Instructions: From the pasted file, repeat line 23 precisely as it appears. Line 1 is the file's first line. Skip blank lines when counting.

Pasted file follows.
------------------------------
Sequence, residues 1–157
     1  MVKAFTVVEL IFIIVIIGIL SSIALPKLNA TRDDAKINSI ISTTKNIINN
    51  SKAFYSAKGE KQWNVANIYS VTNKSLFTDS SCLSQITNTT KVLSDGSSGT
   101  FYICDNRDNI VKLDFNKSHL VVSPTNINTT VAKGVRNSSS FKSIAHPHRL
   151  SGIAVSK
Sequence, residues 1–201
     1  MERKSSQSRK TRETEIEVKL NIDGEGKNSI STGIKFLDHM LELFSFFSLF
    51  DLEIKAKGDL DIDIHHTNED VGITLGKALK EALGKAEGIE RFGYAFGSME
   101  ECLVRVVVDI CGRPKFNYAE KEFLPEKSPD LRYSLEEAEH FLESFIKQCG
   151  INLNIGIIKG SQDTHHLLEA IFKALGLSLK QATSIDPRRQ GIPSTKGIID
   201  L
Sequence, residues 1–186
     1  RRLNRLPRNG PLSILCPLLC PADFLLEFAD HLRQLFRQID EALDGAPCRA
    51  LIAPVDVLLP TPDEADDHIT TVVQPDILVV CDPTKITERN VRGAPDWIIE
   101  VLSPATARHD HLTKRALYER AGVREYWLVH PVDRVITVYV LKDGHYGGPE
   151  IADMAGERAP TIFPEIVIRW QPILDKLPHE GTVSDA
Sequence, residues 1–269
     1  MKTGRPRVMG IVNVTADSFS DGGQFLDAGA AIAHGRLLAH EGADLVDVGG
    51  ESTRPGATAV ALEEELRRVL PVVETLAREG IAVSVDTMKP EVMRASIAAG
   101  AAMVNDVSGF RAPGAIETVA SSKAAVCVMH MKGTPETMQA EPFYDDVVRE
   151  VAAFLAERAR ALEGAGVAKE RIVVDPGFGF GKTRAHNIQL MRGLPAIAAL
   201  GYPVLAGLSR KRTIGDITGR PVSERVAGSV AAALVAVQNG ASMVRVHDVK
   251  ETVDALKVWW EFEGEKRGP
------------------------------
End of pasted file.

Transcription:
   251  ETVDALKVWW EFEGEKRGP